There is a point where a book of historical fiction and adventure can jump the line between plausible and ridiculous. This book not only jumps the line, it pole vaults with the skill of an Olympian. From the truly offensive front cover (the giant swastika covering the globe actually made me embarrassed to carry the book in public), to the story line in which two refugee teenagers wipe out an entire company of seasoned Nazi soldiers, Hitler's Secret hits every action movie cliche that was seen in the entire Indiana Jones franchise. Jewish Rebecca (now Leni) and political refugee Conrad (now Otto) parachute into Nazi Germany to abduct Hitler's secret daughter who is being held in an island convent by highly unpleasant nuns. The child, Angelika, knows nothing of her origins and considers that she may be a real (orphaned) angel. The teens, with barely a bit of training provided by the British military, shoot, kill, and blow up virtually everything in their path in their effort to take Angelika to England where she will be used as a pawn to turn the war in the Allies' favor. Tiny bits of historical fact are worked into the plot. Some of the Nazis are actual historical figures. A one paragraph reference is made to the national pogrom known as Kristallnacht. Hitler's belief in the occult is a documented fact. However, someone needs to inform the author that no one can lighten their hair from brown to flaxen blonde in a single, twenty minute process. The final incursion into Switzerland, and the survival of three underdressed, ill-equipped children in an avalanche created by a stolen hand grenade just about takes the whole book and throws it into a crevice of disbelief. Not recommended. Reviewer: Lois Rubin Gross
School Library Journal
11/01/2013
Gr 5–8—This far-fetched adventure/thriller is loosely based on World War II history. Two teenagers who have already escaped Nazi-controlled Europe to England are recruited by the British secret service. The focus of their top-secret and dangerous mission is to rescue nine-year-old Angelika from a convent in Bavaria and take her to Switzerland. The girl's true identity is never disclosed, though there are hints that she is Hitler's daughter. Whether Hitler actually had a daughter is not known. The teens, code named Lenni and Otto Fischer, are chosen for the mission because of their fluency in German and the credibility of three youngsters traveling together. They go through a grueling two-week training period, which miraculously renders them capable of flying planes, scampering over rope bridges, shooting machine guns, and driving through barrages of gunfire. Osborne, a Hollywood screenwriter, combines historical facts with a great deal of literary license focused on propelling the action. Each death-defying adventure that Lenni and Otto survive boggles the mind, only to be followed by similar amazing feats. Angelika also shows unusual bravery and confidence in her young rescuers. She thinks they are taking her to see her parents, though there is no background as to why she was in the convent. Margi Preus's Shadow on the Mountain (Abrams, 2012), in which a secret mission carried out by youngsters is grippingly depicted, is a far better choice.—Renee Steinberg, formerly at Fieldstone Middle School, Montvale, NJ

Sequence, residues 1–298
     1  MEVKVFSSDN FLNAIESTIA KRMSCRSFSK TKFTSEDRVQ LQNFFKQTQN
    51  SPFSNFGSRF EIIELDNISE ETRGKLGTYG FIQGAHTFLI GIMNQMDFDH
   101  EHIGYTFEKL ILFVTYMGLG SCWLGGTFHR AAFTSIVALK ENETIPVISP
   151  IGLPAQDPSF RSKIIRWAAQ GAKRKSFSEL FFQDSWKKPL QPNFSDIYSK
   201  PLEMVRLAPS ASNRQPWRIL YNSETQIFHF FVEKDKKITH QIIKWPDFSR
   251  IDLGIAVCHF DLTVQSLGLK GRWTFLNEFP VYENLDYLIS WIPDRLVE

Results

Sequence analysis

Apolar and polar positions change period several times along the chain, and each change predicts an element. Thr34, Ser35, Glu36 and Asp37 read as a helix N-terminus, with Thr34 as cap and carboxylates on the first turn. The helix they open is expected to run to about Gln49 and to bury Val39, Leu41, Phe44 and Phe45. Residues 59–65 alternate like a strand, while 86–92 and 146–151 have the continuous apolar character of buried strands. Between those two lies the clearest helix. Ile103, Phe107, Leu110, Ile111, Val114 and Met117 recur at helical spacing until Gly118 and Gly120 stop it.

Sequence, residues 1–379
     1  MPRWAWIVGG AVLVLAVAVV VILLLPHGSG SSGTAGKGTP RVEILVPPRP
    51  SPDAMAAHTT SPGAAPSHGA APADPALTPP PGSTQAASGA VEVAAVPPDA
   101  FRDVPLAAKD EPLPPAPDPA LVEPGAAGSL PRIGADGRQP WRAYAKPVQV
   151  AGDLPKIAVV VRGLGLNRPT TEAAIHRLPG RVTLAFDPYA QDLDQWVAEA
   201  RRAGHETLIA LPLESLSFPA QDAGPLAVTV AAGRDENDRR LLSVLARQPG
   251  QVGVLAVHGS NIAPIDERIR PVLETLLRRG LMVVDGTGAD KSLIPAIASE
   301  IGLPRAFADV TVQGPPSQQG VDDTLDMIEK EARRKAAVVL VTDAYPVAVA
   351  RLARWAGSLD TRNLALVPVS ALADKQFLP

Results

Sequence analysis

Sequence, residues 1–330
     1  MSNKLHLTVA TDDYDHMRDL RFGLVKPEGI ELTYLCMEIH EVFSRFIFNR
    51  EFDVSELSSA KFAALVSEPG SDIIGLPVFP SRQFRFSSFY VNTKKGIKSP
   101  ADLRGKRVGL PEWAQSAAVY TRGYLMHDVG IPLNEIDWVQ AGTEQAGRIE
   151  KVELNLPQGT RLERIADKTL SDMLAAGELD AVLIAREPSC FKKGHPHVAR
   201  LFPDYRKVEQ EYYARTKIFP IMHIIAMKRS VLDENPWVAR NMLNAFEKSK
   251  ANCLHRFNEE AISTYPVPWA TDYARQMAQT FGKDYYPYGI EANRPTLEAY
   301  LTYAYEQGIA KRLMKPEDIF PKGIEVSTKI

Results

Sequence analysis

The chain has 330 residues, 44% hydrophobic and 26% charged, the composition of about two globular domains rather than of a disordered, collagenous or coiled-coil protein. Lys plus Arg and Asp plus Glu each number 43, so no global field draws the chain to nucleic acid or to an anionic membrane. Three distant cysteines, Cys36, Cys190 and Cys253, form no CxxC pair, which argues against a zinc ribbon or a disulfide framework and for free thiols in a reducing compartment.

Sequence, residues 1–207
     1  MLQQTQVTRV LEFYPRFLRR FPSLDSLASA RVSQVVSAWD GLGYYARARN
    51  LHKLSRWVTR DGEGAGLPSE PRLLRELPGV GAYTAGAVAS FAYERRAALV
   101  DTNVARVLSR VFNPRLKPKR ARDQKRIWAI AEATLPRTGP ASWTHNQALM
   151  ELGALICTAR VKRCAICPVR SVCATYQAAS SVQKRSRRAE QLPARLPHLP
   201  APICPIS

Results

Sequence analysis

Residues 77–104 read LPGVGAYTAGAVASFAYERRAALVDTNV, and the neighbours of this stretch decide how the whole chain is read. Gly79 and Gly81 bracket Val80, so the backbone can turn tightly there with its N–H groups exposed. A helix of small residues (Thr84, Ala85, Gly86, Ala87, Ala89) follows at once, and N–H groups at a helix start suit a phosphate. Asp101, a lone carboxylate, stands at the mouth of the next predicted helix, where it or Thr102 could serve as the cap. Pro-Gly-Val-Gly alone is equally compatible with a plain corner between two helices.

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Product Details

  • ISBN-13: 9780545496469
  • Publisher: Scholastic, Inc.
  • Publication date: 9/24/2013
  • Pages: 352
  • Sales rank: 165,993
  • Age range: 12 - 17 Years
  • Lexile: 730L (what's this?)
  • Product dimensions: 5.60 (w) x 8.40 (h) x 1.40 (d)

Meet the Author


After graduating from Cambridge University, WILLIAM OSBORNE became a lawyer, but his career took a sharp turn when he switched to screenwriting in Hollywood. He has worked on more than sixty movies, including THE MUMMY and GOLDENEYE. He lives in Norfolk, England.
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Customer Reviews

Average Rating 4.5
( 11 )
Rating Distribution

5 Star

(8)

4 Star

(2)

3 Star

(1)

2 Star

(0)

1 Star

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Sort by: Showing all of 11 Customer Reviews
  • Anonymous

    Posted October 26, 2013

    Amazing

    Im half through the book and it is awsome

    6 out of 6 people found this review helpful.

    Was this review helpful? Yes  No   Report this review
  • Anonymous